Sentimentality isn’t necessarily a component of holiday plans. Perhaps my current bout with heightened emotions has something to do with my age. Since turning 70 some seven months ago, I’ve chalked up nearly every unusual response as an age related issue so why not include holiday angst. Even before Christmas carols made their early debut on the radio, I was recalling past celebrations and tearfully remembering loved ones who won’t be home for Christmas ever again. Some sadness is from deaths 20 years ago and more that still lingers.
Perhaps it’s our expectations that holidays will be perfectly delightful that obstruct our sense of reality. I miss not believing in the magic of Santa, but even he has limitations on the wishes he can make come true. In the meantime, my eyes still water when I hear John Lennon sing “Happy Christmas” (War Is Over), or almost any rendition of “O Holy Night,” and the list goes on.
December celebrations include sensory overload. Sometimes something as simple as a photo of an awkward looking Christmas tree, that we once thought was beautiful, can bring long ago memories and details to mind. At a fall garage sale, I found a favorite fragrance, L’air Du Temps, that was popular some 50 years ago. I was delighted, and one quick spray smelled as lovely as I remembered. Cosmetic counters at Bergner’s and Block & Kuhl, later Carson Pirie Scott, featured abundant choices of the latest scents for sampling. Admiring holiday window displays was also part of downtown or Sheridan Village shopping charm. Online ordering doesn’t offer such perks. Our pre-cursor for that was ordering from catalogs. It was exciting when Christmas catalogs arrived and hours were spent looking at merchandise, wishing and hoping.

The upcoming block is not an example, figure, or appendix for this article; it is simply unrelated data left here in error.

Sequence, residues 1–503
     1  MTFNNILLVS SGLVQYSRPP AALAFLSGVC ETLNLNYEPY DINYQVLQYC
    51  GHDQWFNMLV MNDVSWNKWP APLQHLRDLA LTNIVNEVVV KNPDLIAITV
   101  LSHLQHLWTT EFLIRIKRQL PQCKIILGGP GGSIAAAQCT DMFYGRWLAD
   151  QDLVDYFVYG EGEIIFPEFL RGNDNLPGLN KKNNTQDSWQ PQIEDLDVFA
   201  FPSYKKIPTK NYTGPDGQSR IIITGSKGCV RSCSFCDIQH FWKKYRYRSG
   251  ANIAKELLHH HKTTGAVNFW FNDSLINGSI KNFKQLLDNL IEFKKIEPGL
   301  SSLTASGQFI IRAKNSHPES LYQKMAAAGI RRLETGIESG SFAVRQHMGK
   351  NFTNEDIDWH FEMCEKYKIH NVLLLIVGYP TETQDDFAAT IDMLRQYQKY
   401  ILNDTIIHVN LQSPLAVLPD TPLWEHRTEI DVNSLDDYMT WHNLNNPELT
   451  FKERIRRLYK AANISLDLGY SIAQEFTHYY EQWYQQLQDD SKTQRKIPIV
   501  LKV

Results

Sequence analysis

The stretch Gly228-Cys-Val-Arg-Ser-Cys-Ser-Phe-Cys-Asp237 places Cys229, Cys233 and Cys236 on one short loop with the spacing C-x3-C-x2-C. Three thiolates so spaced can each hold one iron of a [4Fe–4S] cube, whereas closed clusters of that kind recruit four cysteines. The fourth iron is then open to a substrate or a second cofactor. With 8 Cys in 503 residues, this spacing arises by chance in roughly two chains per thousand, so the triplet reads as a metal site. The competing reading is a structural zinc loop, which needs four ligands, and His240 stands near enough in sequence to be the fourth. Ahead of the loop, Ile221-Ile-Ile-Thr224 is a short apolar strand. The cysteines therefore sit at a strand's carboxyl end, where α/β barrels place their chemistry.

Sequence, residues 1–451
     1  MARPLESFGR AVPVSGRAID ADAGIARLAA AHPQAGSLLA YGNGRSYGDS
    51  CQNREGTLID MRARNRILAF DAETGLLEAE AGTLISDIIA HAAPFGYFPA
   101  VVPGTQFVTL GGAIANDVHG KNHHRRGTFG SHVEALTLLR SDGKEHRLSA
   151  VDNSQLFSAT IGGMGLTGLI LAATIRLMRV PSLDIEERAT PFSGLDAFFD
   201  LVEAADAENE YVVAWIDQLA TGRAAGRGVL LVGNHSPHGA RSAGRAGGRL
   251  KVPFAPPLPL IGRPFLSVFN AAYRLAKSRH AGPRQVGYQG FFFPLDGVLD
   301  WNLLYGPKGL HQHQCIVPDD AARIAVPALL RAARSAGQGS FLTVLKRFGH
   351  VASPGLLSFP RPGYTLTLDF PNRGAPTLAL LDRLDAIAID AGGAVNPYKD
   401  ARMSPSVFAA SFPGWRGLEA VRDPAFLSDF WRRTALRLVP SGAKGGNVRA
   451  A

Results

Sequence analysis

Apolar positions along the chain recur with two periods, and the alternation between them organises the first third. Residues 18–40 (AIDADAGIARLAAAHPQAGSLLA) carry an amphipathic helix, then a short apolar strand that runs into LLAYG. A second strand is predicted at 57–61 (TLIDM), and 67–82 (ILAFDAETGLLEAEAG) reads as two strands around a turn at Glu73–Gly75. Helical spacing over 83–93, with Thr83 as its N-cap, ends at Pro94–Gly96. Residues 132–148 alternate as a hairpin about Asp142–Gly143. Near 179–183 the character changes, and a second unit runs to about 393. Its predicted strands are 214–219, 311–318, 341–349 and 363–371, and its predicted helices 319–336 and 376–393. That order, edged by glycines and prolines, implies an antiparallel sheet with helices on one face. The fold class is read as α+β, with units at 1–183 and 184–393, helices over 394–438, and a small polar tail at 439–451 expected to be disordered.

When I was growing up, just thinking about the holiday season was exciting to me. It never competed with Halloween or Thanksgiving, and I’m uncertain if Black Friday existed. No shopping started on Thanksgiving Day or before. But just because certain traditions changed, it doesn’t mean we’re obligated to participate in new ones. When my children were young, I liked driving to the mall in the 6 a.m. morning darkness on the morning after Thanksgiving to take advantage of sales. Even more enjoyable was saving money by using coupons, and the thrill of securing highly requested items. People who didn’t do Christmas shopping seemed to me like they were missing something special. Now I’m one of those people, but I don’t feel like anything is missing. Our family decided five years ago to forego gift giving, splurging instead on a summer family vacation for 15. We’ve never wavered in our decision, and for those who dislike shopping, I’d recommend this terrific alternative.
This year I’m giving in to my nostalgia and spending extra time recalling details of holidays long ago. Pandora has great music, and I can fragrance the house with scented candles to recreate the scent of how I remember Christmas trees smelling long ago. I’ll enjoy eggnog in a fancy glass and maybe thumbprint cookies from Trefzger’s Bakery, while looking at photos from my childhood and my children’s childhood.
And somewhere in there, I’ll mix smiles with tears, remembering loved ones and special occasions, and I’ll savor the beauty and promise of the season.